What does “wellness” mean to you? Sea-kayaking through Myanmar’s Mergui archipelago? A spiritual retreat in Tibet? A yoga and detox week in Bali?
Related article: Inside the London spa celebs are loving
There can be few better places in which to indulge in restoring body and soul than the German foothills of the Alps. This region of Upper Bavaria, south of Munich, is blessed with clean Alpine air, emerald forests and towering snow-capped mountains. It is dotted with charming lakes and a plethora of natural spas and wellness resorts where you can immerse yourself in the natural wonders of the area.
Try a Bavarian hay bath, for example, in which you are cocooned in damp hay and medicinal herbs from organic Alpine meadows. Or discover the delights of a Kraxen stove, a sauna lined with straw where the heat releases the fragrances. Slide into a wooden bathtub full of heated mountain pine mud extracted from a 10,000-year-old moorland or douse yourself in organic whey; apparently it does wonders for the skin.
For my wife and me, wellness also includes exercise, so we also wanted to scale mountains, cruise across lakes, cycle through forests and get the wind in our hair. This wishlist led us to a charming hotel and one of the most authentic places we have ever stayed: the Bachmair Weissach at the southern tip of Lake Tegernsee.
Dieter, the amiable porter, placed our bags in a wicker trolley and, as he led us to our room, gave us a weather forecast (warm, sunny) and explained the food on offer (all tempting). He also told us where could start to embrace the wellness: right on our balcony gazing at the mountains, listening to a pristine meltwater stream and sipping chilled Pali apple juice. Perfect.
Later that afternoon, down in the hotel’s spa, my wife had an organic lavender salt scrub treatment while I padded from the tepidarium to the saunarium to the steam room before cooling down with handfuls of ice delivered courtesy of a stone lion’s mouth. I then took a few steps along an indoor reflexology stream that has been created by diverting some of the mountain stream water and running it over smooth grey stones.
The wellness has spread to all the other corners of the hotel too, thanks mainly to clever designs by the hotel’s owner Korbinian Kohler. Herr Kohler’s dream was to recapture his own wellness memories; the comfortable, peaceful and cosy feelings he experienced in this region as a boy. “I wanted to create a place in which guests could once again experience freedom and tranquillity … a place of happiness,” he told me. After much work and an incredible attention to detail he’s succeeded.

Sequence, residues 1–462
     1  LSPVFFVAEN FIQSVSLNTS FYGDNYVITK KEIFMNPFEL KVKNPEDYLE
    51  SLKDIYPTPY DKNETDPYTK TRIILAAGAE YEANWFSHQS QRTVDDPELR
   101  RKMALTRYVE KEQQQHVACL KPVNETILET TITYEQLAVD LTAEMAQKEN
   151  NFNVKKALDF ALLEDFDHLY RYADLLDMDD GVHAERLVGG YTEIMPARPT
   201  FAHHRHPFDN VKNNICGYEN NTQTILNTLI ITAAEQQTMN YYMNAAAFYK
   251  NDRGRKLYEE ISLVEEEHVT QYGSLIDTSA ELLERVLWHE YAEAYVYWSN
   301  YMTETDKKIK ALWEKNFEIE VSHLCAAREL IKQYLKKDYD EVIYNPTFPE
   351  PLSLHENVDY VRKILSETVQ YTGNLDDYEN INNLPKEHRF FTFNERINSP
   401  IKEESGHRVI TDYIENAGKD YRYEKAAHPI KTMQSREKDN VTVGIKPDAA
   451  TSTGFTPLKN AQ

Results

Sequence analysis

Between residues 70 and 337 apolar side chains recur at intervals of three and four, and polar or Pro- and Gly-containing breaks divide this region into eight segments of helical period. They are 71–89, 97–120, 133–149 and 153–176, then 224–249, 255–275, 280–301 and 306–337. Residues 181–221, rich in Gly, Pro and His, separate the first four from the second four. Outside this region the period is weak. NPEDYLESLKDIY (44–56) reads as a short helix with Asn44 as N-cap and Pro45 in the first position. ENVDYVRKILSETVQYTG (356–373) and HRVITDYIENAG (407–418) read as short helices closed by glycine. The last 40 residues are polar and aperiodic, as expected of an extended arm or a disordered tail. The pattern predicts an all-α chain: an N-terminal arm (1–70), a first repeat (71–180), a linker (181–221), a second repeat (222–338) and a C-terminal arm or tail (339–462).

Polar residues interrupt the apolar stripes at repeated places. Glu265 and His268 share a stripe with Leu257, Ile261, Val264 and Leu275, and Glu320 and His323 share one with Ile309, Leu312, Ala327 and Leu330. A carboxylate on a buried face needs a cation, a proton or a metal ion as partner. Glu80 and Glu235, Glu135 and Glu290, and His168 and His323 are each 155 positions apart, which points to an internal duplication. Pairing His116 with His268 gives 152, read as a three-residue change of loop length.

Everything is designed to soothe the spirit and calm the mind. The un-showy, oak-panelled lobby makes you feel like you are arriving at a friend’s country manor house rather than a hotel; there’s even a small, quiet library space with inviting sofas.
Entering the hotel’s award-winning Japanese restaurant, MIZU, from the library bar involves gliding down a curved walkway, and when strolling in the expansive grassy grounds you are never out of earshot of the burbling stream. The wellness, and luxury, surrounds you. MIZU boasts no fewer than three Japanese chefs, and the superb maitre’d talked us through the dishes and a bewildering array of sakes, some of which are rare in Japan let alone Bavaria.
Early next morning the helpful front desk team sketched out a climbing and cycling route for us (the benefit of local knowledge!) and we set off for the foot of Mt Wallberg. We took a cable-car most of the way up leaving ourselves a 20-minute scramble to the summit from where we had 360o views across the Alps, down into the valleys and along the length of Tegernsee lake.
That afternoon we hopped on mountain bikes (the hotel keeps a good selection) and pedalled through birch woods and wildflower meadows, and along the lakeshore past millionaire mansions to the small spa town of Bad Wiessee. The place has been a spa centre since the 1920s when an iodine-sulphur spring opened to the rheumatic public. Today the huge sauna and bathing complex Bade Park Bad Wiessee does the job.
On our return journey we paused to hire a small eco-friendly, battery-powered elektroboote for a turn around the lake. For us, a big part of wellness is peace and quiet, so it was bliss to cruise over the tranquil Tegernsee on a virtually silent boat rather than one with a chugging outboard motor.
That evening, sipping Aperol Spritzes in the library bar, we had that wonderful glow of physical exhaustion: our legs ached but our minds were calm. And of course, after all that exercise, our stomachs were growling but the hotel’s 150-year-old Bavarian restaurant Gasthof zur Weissach was offering roast pork in dark beer sauce with white asparagus … so all was well.
The best of the rest
In Bad Wiessee, Bade Park has a series of inside and outside pools, including a waterfall pool, a springwater whirlpool and Kneipp hydrotherapy.
Check out the award-winning luxury medical health resort Lanserhof Tegernsee.
Among the woods around the southern end of Lake Tegernsee are some of the most sumptuous houses in Bavaria. A few have been turned into natural therapy practices, or ‘naturheilpraxis’. The hotel should be able to recommend one or two.
Check out the spa treatments (including the Alpine meadow mud bath) at the Das Johannesbad hotel in Bad Kohlgrub, just north of the popular town of Garmisch-Partenkirchen.
Singapore Airlines has flights from all major Australian cities to Singapore with connections to their daily hop to Munich. Start the wellness early by booking a couple of seats in their excellent Premium Economy cabin.
Images courtesy of Matthew Brace and www.bachmair-weissach.com/en/